Saudi official says non-Muslims can worship -- in private
Non-Muslims in Saudi Arabia are free to practise their religion in the ultra-conservative Gulf kingdom but must do so in private, the head of a government watchdog told AFP on Monday.
"This matter is well known and doesn't require reasserting -- non-Muslims can conduct their religious ceremonies in secret but not in public," said the head of the Saudi Human Rights Commission, Turki al-Sudairy.
International human rights groups say Saudi Arabia, which applies a strict interpretation of Sunni Islam, does not tolerate religious practices by non-Muslims.
Sudairy stressed that allowing non-Muslims to openly practise their faith would conflict with the "religious politics of the kingdom" and "cause a number of problems, the most serious being preaching... in the cradle of Islam".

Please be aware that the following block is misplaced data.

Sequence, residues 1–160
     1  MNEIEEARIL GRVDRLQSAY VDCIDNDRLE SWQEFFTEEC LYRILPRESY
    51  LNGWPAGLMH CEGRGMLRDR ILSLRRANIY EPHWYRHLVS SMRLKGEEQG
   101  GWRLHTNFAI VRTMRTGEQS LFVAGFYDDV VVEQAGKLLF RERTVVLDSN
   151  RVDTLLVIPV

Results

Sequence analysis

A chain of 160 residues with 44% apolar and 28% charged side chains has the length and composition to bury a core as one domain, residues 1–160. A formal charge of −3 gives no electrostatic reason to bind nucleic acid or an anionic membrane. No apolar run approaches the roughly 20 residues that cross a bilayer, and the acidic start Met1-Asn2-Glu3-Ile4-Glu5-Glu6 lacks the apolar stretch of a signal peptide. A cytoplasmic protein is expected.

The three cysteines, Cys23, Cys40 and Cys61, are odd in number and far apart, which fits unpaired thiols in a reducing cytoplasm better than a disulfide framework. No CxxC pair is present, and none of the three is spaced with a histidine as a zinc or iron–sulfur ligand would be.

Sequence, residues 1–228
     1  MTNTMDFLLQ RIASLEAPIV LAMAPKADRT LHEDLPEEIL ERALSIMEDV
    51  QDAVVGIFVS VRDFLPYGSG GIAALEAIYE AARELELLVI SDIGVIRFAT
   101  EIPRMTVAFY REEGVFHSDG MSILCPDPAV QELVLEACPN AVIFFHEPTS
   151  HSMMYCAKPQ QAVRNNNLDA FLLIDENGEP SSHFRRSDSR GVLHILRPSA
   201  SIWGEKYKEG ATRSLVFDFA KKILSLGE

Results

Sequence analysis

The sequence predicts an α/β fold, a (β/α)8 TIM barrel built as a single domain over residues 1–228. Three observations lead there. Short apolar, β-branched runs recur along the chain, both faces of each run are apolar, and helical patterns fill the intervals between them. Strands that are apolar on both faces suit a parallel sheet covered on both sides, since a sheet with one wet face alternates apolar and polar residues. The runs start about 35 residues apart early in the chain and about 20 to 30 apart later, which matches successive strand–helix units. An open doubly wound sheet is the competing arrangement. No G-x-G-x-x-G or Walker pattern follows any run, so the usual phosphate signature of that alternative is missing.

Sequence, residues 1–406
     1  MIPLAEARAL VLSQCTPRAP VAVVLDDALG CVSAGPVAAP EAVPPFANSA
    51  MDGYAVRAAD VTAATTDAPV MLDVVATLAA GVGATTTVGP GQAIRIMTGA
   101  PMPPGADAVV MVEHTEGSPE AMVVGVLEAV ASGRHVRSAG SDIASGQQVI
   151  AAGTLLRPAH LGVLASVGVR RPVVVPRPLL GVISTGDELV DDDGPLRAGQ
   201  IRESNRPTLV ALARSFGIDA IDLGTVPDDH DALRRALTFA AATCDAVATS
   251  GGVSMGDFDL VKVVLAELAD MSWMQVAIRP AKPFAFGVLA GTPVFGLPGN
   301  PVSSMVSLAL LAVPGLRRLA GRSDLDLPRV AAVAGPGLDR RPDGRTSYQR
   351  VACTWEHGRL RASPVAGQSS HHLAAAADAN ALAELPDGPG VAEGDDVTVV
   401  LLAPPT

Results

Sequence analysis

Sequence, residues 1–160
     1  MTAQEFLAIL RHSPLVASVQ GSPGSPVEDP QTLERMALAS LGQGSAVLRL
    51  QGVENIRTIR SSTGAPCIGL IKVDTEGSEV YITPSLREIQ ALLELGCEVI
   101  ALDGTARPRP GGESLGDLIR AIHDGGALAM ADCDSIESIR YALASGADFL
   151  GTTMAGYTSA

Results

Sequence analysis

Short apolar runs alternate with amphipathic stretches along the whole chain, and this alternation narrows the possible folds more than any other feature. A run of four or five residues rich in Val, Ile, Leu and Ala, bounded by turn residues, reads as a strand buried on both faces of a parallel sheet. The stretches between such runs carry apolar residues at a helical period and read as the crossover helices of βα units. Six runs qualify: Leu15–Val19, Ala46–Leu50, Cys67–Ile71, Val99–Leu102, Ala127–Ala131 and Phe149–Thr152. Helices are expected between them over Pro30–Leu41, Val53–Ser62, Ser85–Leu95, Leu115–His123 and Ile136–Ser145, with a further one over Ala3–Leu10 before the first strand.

New York-based Human Rights Watch in January accused Saudi Arabia, the birthplace of Islam, of carrying out a wave of arrests and deportations against mainly south Asian followers of the Ahmadi faith that it said amounted to a "grave violation" of religious freedom.
It said the Saudi authorities had arrested 56 non-Saudi followers of the faith, "including infants and young children" and deported at least eight to India or Pakistan.
Ahmadis consider themselves Muslims and follow the teachings of Mirza Ghulam Ahmad, a 19th-century Indian Muslim scholar. In Saudi Arabia, the faith is practised by a small minority of foreign workers, primarily from India and Pakistan.
But many Muslims view the Ahmadis as heretics because of the elevated status they afford to the faith's founder. They also face persecution in Pakistan and Bangladesh.
Human rights organisations say the Saudi government also discriminates against Shiite Muslims, who are estimated to make up at least 10 percent of the citizen population of some 17 million.
Saudi Arabia is dominated by the austere Sunni doctrine of Wahabism, many of whose followers deride Shiite Muslims as rejectionists